Album Review: Protomartyr—“The Agent Intellect”

By Ayla Shiblaq

Detroit’s Protomartyr are the underdogs you root for. You know, kind of like the kid in that shitty Disney Channel movie you watched because “your younger sibling just so happened to be watching it” who sits in the corner of math class. He’s kind of in love with the main character and eventually helps her with her math homework. In the end, she gets dumped by the popular guy who was a jerk eventually ends up with the underdog, or something like that.

Album art The Agent Intellect

Album art The Agent Intellect

Protomartyr’s 2014 release of Under Color of Official Right was my introduction to the band (though they released their debut, No Passion All Technique in 2012). Unsuspecting, uncalculated, and raw, the album was a reassuring piece of advice from a good friend – you are not alone. Melancholic and aggressive, the album served as a soundtrack to the underdog tales of adolescence. The Agent Intellect is their graduation from opening act regulars to the main stage.

The themes of the album certainly do not evolve into anything particularly brighter from their last effort. The overarching themes of mortality, as a result of the death of lead singer Joe Casey’s parents, haunt the album with a new darkness – not one of inadequacy and skepticism like their 2014 effort, but one of a deeper sadness making The Agent Intellect their heaviest of releases.

“Why Does it Shake?” is a stand-out, being one of the most heavy tracks, both instrumentally and emotionally. Within this, Casey perfectly encompasses his chanting, a favourite element of mine in their album Under Color of Official Right, and his newly adopted harmonies. Casey claims that “the band does the music and I do the yelling. What I said then probably applies more now than ever. I’m a tick and the band is the dog.” But the disconnect is not entirely apparent. The “coming together” of the band creates the reassuring collective feel that being sad is okay. Then you burst into complete tears after the adorable “Ellen”, which is a love song from the perspective of Casey’s father to his mother.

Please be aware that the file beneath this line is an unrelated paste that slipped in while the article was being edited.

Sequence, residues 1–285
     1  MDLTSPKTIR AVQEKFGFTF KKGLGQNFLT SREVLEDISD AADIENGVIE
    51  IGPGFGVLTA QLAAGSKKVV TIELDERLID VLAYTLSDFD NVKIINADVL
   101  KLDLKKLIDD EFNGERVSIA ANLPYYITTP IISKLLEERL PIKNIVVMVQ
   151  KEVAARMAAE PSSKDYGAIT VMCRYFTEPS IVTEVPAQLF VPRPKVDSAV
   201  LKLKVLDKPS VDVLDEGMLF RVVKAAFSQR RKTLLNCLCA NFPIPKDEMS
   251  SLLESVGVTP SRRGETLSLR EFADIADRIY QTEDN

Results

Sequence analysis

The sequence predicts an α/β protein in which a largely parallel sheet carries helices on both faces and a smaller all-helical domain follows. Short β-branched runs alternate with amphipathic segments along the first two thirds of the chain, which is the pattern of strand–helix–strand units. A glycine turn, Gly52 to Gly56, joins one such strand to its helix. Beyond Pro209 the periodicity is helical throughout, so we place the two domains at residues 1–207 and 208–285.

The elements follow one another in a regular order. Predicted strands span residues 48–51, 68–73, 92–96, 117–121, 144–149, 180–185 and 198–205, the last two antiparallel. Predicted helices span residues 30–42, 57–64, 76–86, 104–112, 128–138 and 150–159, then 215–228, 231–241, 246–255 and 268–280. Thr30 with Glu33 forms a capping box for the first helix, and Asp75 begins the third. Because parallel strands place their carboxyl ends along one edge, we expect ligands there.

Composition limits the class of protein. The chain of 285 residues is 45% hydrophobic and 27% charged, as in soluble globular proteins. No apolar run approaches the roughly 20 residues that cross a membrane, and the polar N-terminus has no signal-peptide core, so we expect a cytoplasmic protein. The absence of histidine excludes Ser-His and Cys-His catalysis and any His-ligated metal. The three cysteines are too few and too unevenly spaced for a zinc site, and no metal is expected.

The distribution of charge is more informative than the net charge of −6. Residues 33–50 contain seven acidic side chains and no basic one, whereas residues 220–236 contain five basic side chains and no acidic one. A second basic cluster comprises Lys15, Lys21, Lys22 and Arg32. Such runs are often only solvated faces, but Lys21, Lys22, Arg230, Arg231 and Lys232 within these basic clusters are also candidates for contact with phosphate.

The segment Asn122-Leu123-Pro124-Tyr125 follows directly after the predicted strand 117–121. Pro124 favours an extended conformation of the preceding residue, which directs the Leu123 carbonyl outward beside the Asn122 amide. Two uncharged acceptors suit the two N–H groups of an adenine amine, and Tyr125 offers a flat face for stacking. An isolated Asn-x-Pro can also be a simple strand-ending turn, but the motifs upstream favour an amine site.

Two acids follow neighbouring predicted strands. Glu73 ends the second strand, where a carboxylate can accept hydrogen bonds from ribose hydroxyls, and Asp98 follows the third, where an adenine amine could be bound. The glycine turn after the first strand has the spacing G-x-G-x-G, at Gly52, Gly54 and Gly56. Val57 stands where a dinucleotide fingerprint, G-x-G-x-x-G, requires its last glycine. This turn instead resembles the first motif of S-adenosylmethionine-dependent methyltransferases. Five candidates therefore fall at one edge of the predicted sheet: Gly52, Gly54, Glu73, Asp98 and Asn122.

Although the first listen didn’t entirely allow for the material to sink in (as most first listens should), the depth of the album becomes more and more apparent with each listen. The complexity of the metaphorical additions to the lyrics makes The Agent Intellect one of constant exploration of meaning within their themes of mortality and discovery, even if it’s far from a concept album. The Agent Intellect is cleaner, harmonious, and instrumentally superior to their 2014 effort. Growing from their boyish charm, here’s to hoping that this album leads this band to a happily ever after. (Hardly Art)

Listen: “Why Does It Shake?”

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